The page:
We Need to Be Completely Honest in Our Interpretation of the Bible

When it comes to interpreting the Bible, it is never right to misinterpret or mistranslate for some supposed higher purpose. I have been looking at a lot of Christian articles on the internet recently, and I have often been left with the impression that the author I am reading has not really tried to be honest with the Biblical text under discussion. On many of these occasions I have received the impression too that the reason the author has not tried to be honest with the text is because they are trying to avoid a passage looking as if it might support something that they believe is untrue. Or, similarly, the reason for dishonesty sometimes seems to be because an author is trying to make a text say something that they believe is true.

Let me give some examples of the sort of thing I mean:

(1) In Colossians 1:15 Christ is described as ‘the firstborn of all creation’. Because at first sight this phrase looks as if it is saying that Christ was created, those who are anxious to uphold His divinity sometimes translate as ‘the firstborn over all creation’.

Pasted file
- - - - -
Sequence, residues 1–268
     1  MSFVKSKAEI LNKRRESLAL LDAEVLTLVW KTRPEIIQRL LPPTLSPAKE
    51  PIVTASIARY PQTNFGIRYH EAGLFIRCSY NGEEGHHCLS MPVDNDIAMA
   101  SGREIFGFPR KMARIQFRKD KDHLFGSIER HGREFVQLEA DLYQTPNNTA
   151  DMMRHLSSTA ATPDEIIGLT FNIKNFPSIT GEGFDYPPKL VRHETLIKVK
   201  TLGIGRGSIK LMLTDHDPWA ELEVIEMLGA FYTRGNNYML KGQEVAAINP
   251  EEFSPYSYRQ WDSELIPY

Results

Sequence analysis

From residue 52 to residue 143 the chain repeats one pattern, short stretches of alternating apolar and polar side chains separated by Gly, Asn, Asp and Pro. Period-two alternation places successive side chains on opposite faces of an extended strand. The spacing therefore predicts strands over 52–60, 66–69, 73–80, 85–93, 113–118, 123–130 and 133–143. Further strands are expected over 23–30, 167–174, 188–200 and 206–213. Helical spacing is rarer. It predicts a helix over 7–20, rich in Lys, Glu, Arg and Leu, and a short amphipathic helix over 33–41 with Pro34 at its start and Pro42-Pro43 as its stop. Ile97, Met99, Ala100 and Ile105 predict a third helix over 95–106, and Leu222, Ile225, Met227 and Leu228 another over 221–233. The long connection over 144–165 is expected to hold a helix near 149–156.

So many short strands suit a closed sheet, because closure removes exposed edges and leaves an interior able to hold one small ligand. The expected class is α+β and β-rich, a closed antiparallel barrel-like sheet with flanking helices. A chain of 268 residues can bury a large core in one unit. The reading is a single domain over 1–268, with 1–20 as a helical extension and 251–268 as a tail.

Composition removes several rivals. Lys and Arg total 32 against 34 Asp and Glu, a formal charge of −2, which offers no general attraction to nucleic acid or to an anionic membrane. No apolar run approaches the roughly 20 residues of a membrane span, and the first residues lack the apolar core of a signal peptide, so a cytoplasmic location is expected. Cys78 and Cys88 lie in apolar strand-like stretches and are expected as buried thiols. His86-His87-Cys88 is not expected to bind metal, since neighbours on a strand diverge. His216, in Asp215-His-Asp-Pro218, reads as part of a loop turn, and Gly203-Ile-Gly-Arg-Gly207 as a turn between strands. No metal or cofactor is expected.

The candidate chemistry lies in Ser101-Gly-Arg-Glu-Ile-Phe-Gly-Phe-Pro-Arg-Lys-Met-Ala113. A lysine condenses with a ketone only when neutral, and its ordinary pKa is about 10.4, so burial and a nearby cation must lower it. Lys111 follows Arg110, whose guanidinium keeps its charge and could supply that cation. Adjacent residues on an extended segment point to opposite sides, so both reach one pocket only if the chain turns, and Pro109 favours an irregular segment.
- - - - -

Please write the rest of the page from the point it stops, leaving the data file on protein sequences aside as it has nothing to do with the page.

Now, to want to uphold Christ’s divinity is of course good. When the Bible as a whole is taken into consideration, He is revealed as the divine Son of God, and translating Col 1:15 with ‘the firstborn over all creation’ allows this verse to fit easily with the overall picture.

However, the problem with translating in this way is quite simply that that is not what the Greek says. In the Greek there is no word for ‘over’, and if Paul had wanted to say ‘the firstborn over all creation’, he could easily have done so. The text says that Christ is the ‘firstborn of all creation’. That is what the inspired Scripture says, and it is totally wrong to mistranslate it in such a way that the passage fits more obviously with orthodox Christian beliefs. The difficulty in this verse needs to be faced honestly and dealt with as best we are able.